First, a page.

22 Table 5b BME/ME Dual Major (matriculating classes 2011) Chemistry 31L Core Concepts in Chemistry Biology 101L Gateway to Biology: Molecular Biology EGR 53L Computational Methods in Engineering Math 32L Introductory Calculus II Math 31L Introductory Calculus I Physics 61L Introductory Mechanics 1 Writing 20 Academic Writing EGR 20 Engineering Innovation Sophomore Year BME 144L Quantitative Physiology BME 153L Biomedical Electronic Measurements I EGR 75L Mechanics of Solids ME 83L Structure and Properties of Solids Chemistry 32L App Chem Principle or 151L Organ Chem Math 107 Linear Algebra and Differential Equations Math 103 Multivariable Calculus EGR 123L Dynamics Physics 62L Introductory Technical Physics II 1 Junior Year BME 100L Modeling Cellular and Molecular Systems BME 154L Biomedical Electronic Measurements II BME 171 Signals & Systems or ECE 54L Intro Sig & Sys BME 202L Fundamentals Biomaterials/Biomechanics Math 108 Ordinary and Partial Differential Equations ME 126L Fluid Mechanics ME 101L Thermodynamics Life Science Elective ME 131L Mechanical Engineering Analysis for Design Senior Year ME 125L Control of Dynamic Systems ME 160L Mechanical Design 3 ME 141L Mechanical Design Biomat/Biomech Area Elective 4 ME 150L Heat and Mass Transfer ME Elective 2 ME Elective 1 Students with AP credits should pay particular attention to prerequisites when rearranging the schedule. 1. See the Physics requirements on Page Selected from approved list of Life Science Electives (Table 7). 3. ME160L with BME project. 4. Selected from Table 8. Version F11 22

23 Table 6a BME/CEE Dual Major (matriculating classes 2010) Freshman Year Chemistry 21L or 31L Principles of Chemistry I Chemistry 22L or 32L or 151L EGR 53L Computational Methods in Engineering Math 32L Introductory Calculus II Math 31L Introductory Calculus I Physics 61L Introductory Technical Physics I 1 Writing 20 Sophomore Year EGR 75L Mechanics of Solids BME 153L Biomedical Electronics and Measurements I Biology 101L ME 83L Structure and Properties of Solids Math 103 Intermediate Calculus Math 107 Linear Algebra and Differential Equations Physics 62L Introductory Technical Physics II 1 EGR 123L Dynamics Junior Year BME 100L Modeling Cellular and Molecular Systems BME 154L Biomedical Electronics & Measurements II BME 171 Signals and Systems or ECE 54L BME 202L Biomechanics/Biomaterials or BME 207 Transport Phenomena in Biological Systems 4 Math 108 Ordinary and Partial Differential Equations CE 123L Water Resources Engineering CE 120L Chemistry and Microbiology for Environmental CE 130L Structural Design and Optimization Engineers CE 122L Fluid Mechanics Stat 113 Probability and Statistics for Engineers Senior Year CE 124L Environmental Engineering BME/CEE Design 3 EGR 115 Systems Optimization BME Area Elective 4 CE Elective 2 Life Science or Physiology Elective 5 1. See also the Physics requirements on Page Selected from the following list of CE electives: CE 239. Environmental Molecular Biotechnology CE 240. Chemical Fate of Organic Compounds CE 241. Physical and Chemical Treatment Processes in Environmental Engineering CE 242. Environmental Aquatic Chemistry CE 245. Pollutant Transport Systems CE 246. Water Supply Engineering Design CE 247. Air Pollution Control Engineering CE 248. Solid Waste Engineering CE 243. Physiochemical Unit Operations in Water Treatment CE 249. Control of Hazardous and Toxic Waste CE 244. Biological Processes in Environmental Engineering 3. Selected from the following list: CE 193 Integrated Environmental Design BME 227 Design in Biotechnology BME 262 Design for the Developing World 4. If BME 202L is taken, the Area Elective must come from the Biomaterials/Biomechanics Area If BME 207 is taken, the Area Elective must come from the Molecular, Cellular and Tissue Engineering Area 5. If BME 202L is taken, choose from the approved list of Physiology Electives (Table 7a) If BME 207 is taken, choose from the approved list of Life Science Electives (Table 7) Version F11 23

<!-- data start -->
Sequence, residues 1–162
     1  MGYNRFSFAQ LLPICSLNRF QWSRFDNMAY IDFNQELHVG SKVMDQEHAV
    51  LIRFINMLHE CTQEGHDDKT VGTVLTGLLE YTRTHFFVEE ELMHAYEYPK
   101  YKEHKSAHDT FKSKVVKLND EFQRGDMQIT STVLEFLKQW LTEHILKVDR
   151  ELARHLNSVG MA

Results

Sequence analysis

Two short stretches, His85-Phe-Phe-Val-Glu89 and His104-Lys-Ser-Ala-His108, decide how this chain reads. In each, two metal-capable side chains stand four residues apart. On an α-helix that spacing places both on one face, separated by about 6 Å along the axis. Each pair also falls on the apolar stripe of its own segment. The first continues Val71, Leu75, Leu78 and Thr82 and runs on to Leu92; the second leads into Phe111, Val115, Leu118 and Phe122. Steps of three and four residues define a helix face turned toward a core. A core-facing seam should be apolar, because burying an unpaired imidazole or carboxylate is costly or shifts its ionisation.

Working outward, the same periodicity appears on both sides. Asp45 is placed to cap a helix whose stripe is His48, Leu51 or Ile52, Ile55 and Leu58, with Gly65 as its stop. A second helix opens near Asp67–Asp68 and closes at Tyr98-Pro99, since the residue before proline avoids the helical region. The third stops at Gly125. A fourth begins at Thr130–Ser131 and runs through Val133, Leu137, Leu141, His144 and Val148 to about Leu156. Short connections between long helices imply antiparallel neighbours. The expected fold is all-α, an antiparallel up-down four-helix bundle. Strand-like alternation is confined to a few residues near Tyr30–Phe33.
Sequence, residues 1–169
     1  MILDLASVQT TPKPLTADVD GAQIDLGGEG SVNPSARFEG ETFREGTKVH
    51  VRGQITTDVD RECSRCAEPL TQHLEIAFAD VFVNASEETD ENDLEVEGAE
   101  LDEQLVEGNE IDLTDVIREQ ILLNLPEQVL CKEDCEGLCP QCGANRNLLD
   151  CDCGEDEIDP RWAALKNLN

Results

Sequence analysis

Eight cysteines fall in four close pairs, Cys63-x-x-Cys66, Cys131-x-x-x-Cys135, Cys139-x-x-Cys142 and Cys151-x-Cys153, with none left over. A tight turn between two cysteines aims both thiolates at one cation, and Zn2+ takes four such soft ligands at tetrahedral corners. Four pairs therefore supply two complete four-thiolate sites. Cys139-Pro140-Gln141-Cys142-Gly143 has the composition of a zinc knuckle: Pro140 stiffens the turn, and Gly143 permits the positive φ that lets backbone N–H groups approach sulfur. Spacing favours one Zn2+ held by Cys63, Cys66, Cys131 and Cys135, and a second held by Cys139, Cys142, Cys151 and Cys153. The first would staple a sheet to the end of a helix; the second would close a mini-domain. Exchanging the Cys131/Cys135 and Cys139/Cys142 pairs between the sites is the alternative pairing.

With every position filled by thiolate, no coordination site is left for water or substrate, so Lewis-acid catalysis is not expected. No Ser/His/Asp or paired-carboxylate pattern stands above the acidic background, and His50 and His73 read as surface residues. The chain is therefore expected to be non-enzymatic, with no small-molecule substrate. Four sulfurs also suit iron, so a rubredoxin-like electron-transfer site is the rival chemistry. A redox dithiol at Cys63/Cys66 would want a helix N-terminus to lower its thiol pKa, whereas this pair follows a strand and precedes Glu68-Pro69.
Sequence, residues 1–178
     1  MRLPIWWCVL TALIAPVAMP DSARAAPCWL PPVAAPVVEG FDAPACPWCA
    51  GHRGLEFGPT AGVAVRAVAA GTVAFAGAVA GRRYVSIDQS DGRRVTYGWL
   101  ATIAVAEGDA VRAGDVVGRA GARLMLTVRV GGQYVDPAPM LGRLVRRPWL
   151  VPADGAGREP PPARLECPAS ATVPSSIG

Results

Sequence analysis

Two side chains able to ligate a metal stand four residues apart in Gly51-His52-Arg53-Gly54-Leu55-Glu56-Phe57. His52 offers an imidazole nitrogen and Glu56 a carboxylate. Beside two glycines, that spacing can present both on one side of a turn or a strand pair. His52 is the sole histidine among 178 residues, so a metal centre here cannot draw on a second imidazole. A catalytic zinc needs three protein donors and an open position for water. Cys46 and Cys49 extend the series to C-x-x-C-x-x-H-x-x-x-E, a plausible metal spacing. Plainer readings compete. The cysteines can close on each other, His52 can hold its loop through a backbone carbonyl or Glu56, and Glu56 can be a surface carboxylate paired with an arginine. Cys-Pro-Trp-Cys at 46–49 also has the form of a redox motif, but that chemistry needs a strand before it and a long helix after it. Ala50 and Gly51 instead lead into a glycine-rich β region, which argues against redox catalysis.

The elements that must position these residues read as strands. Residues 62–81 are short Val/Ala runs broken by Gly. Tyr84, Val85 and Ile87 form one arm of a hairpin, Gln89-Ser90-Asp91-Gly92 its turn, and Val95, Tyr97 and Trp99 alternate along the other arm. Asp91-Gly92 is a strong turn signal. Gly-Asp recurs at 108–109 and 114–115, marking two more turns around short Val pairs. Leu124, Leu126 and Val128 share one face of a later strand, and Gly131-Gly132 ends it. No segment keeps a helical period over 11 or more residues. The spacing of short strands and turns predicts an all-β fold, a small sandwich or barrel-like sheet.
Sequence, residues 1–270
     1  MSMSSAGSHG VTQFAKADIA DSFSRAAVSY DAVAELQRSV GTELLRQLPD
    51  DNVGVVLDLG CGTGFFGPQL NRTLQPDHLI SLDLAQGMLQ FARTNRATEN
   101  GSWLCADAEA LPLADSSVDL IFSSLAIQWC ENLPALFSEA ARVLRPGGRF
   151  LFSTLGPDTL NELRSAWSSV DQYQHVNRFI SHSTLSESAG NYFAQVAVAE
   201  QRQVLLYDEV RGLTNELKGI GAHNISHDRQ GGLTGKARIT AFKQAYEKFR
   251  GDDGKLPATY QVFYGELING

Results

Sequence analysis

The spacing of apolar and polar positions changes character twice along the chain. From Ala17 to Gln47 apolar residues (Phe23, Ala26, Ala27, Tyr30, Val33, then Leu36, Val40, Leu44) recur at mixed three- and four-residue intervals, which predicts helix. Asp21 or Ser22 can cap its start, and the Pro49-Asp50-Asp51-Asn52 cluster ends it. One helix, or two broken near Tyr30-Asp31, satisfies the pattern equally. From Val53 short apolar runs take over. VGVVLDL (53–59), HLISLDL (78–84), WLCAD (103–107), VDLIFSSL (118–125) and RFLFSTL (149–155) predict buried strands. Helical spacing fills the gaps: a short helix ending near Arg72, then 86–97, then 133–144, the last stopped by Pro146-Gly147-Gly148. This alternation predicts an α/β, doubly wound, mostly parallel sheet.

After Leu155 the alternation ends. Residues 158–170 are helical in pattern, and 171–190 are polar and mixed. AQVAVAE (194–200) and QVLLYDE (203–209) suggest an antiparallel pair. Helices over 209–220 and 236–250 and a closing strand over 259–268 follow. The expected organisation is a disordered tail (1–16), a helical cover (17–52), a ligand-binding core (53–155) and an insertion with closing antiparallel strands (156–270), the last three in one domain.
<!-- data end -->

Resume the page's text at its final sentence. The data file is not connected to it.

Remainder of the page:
24 Table 6b BME/CEE Dual Major (matriculating classes 2011) Freshman Year Chemistry 31L Core Concepts of Chemistry Biology 101L Gateway to Biology: Molecular Biology EGR 53L Computational Methods in Engineering Math 32L Introductory Calculus II Math 31L Introductory Calculus I Physics 61L Introductory Mechanics Writing 20 Academic Writing Sophomore Year BME 144L Quantitative Physiology BME 153L Biomedical Electronic Measurements I EGR 75L Mechanics of Solids ME 83L Structure and Properties of Solids Chemistry 32L App Chem Principle or 151L Organ Chem Math 107 Linear Algebra and Differential Equations Math 103 Multivariable Calculus EGR 123L Dynamics Physics 62L Introductory Electricity, Magnetism & Optics Junior Year BME 100L Modeling Cellular and Molecular Systems BME 154L Biomedical Electronic Measurements II BME 171 Signals and Systems or ECE 54L Introduction to Signals and Systems BME 202L Fundamentals Biomechanics/Biomaterials or BME 207 Transport Phenomena in Biological Systems 4 Math 108 Ordinary and Partial Differential Equations CE 124L Biological Principles in Environmental Egr CE 120L Chemical Principles in Environmental Egr CE 130L Uncertainty Design and Optimization CE 122L Fluid Mechanics Stat 113 Probability and Statistics in Engineering Senior Year CE 123L Water Resources Engineering BME/CEE Design 3 EGR 115 Egr Systems Optimization and Economics BME Area Elective 4 CE Elective 2 Life Science Elective 1. See also the Physics requirements on Page Selected from the following list of CE electives: CE 239. Environmental Molecular Biotechnology CE 240. Chemical Fate of Organic Compounds CE 241. Physical Chemical Processes in Environmental Engineering CE 242. Environmental Aquatic Chemistry CE 245. Pollutant Transport Systems CE 246. Water Supply Engineering Design CE 247. Air Pollution Control Engineering CE 248. Solid Waste Engineering CE 243. Physiochemical Unit Operations in Water Treatment CE 249. Control of Hazardous and Toxic Waste CE 244. Biological Processes in Environmental Engineering 3. Selected from the following list: CE 193 Integrated Environmental Design BME 227 Design in Biotechnology BME 262 Design for the Developing World 4. If BME 202L is taken, the Area Elective must come from the Biomaterials/Biomechanics Area If BME 207 is taken, the Area Elective must come from the Molecular, Cellular and Tissue Engineering Area Version F11 24